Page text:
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Welch Consulting Employment Index Advances in April

Posted by Super User
on 15 May 2017

The Welch Consulting Employment Index climbed to 100.7 in April, up from 100.5 in March. This is the highest value for the Index since September 2008.

The Welch Index measures full-time equivalent employment after adjustment for population growth and the aging of the workforce. The Index value of 100.0 indicates that adjusted full-time equivalent employment is the same as its level in the base year of 2004.

Over the past 12 months the index has risen from 99.2 to 100.7. The increase in the Index over the past year means that full-time equivalent employment has been growing at a faster rate than the adult population. Full-time equivalent employment increased 1.5% faster than the adult population over the past year (after making adjustments for the aging of the U.S. adult population). Looking back at the most recent 6 months, the index increased from 99.6 in October 2016 to 100.7 currently – an increase of 1.1%. This rate of change over the past year is on pace with the overall trend for the last 3 years of about 1.1% increase per year, but in the last six months the rate of change has been above trend.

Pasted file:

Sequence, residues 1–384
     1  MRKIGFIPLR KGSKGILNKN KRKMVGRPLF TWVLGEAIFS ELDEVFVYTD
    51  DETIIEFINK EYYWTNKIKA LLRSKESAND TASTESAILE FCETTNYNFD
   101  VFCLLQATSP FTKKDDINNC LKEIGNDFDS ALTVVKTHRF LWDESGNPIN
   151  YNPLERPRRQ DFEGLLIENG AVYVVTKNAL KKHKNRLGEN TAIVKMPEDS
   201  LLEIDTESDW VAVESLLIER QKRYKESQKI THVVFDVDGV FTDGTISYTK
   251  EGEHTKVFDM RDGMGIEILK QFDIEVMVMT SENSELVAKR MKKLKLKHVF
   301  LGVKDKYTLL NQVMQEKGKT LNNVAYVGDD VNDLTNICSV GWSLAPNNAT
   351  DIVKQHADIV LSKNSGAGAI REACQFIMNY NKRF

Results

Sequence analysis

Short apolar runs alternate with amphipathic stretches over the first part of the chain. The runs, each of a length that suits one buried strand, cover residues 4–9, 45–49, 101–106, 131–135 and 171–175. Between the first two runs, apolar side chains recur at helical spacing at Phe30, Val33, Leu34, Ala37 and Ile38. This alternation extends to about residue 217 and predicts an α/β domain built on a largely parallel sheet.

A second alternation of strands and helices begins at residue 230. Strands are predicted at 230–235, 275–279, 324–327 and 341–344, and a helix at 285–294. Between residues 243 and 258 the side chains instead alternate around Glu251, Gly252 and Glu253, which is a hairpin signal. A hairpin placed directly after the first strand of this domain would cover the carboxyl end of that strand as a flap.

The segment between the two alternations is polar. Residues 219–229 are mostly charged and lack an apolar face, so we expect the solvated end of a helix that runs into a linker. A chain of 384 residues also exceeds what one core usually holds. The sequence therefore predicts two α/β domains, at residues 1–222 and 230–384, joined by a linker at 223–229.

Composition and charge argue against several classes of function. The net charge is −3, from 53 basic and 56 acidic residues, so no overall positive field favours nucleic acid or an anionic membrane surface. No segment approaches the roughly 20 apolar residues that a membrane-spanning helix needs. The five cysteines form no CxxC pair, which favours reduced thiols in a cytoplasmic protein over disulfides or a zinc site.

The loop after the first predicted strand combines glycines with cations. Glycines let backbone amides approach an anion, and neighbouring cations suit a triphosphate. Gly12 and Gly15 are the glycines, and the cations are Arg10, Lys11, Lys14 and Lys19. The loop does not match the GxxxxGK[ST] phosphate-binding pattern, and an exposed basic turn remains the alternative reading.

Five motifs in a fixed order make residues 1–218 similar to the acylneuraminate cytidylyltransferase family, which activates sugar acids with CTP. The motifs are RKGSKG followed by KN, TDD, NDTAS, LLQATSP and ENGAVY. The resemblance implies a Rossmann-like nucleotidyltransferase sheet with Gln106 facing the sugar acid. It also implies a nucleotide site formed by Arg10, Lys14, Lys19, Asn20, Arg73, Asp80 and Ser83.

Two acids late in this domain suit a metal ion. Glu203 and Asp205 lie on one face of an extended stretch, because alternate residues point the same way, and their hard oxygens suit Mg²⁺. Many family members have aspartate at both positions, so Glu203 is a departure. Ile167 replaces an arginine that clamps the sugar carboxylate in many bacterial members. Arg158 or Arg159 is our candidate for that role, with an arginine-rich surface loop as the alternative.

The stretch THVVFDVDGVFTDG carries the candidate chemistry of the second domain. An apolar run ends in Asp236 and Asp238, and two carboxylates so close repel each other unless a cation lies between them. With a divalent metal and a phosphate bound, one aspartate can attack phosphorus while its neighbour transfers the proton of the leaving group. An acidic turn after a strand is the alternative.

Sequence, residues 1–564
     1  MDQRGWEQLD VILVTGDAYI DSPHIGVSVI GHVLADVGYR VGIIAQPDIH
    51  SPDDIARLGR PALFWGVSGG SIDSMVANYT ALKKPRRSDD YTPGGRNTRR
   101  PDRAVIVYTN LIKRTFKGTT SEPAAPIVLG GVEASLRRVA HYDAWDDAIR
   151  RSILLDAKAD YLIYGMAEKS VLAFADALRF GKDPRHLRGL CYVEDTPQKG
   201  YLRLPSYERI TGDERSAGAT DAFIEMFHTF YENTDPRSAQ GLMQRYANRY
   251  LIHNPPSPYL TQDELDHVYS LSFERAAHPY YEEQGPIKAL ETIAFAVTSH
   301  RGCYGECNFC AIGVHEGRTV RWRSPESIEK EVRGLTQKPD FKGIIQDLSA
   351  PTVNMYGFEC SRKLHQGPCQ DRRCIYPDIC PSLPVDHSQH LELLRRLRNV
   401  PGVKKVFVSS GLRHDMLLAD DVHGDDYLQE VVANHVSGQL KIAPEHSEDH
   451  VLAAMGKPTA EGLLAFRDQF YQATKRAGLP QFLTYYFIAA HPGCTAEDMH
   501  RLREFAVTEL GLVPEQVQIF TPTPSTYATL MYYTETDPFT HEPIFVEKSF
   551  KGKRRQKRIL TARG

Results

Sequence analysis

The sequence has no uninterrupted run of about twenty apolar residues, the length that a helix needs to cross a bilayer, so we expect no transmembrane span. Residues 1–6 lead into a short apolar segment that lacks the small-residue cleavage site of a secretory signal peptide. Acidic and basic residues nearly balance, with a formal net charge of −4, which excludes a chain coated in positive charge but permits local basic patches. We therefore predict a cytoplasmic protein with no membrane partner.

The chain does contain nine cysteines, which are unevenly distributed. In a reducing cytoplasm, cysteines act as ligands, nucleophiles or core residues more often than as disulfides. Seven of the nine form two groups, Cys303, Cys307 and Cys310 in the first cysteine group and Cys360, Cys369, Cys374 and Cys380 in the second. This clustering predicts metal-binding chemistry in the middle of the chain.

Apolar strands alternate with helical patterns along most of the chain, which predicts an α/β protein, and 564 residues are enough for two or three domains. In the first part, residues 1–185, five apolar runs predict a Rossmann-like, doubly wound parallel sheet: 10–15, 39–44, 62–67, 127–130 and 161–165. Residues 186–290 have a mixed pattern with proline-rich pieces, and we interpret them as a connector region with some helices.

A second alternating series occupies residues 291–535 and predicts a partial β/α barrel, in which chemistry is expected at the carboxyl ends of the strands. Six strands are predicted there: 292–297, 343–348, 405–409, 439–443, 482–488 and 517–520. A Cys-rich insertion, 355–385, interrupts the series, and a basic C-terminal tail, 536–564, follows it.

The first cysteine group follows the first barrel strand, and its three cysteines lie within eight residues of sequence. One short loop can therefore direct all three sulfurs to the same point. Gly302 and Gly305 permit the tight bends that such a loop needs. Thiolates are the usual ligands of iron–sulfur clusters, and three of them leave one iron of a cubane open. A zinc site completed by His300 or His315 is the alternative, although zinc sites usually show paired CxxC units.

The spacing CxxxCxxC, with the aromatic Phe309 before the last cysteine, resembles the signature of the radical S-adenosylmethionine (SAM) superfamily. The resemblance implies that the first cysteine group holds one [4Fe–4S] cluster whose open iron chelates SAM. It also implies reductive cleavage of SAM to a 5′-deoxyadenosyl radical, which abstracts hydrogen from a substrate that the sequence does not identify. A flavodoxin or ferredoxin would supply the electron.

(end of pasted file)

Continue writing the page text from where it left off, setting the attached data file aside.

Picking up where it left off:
The change in the index for men was stronger in March than that for women, reversing the pattern seen in March. The index for women ticked down from 103.2 to 103.1. The index for men rose from 98.4 to 98.7. For the past 12 months the index for men has risen 0.9 points and the index for women has risen 2.2 points.

 

Welch Employment Index April 2017

Welch Employment Index by Gender April 2017

Technical Note: Full-time equivalent employment equals full-time employment plus one half of part-time employment from the BLS household survey (the Current Population Survey). The data reported for a given month is generally from the calendar week that contains the 12th day of the month. The Welch index adjusts for the changing age distribution of the population by fixing the age distribution of adults to the distribution in the base year of 2004. Seasonal effects for the share of workers employed in part-time jobs are removed in a regression framework using monthly indicator variables.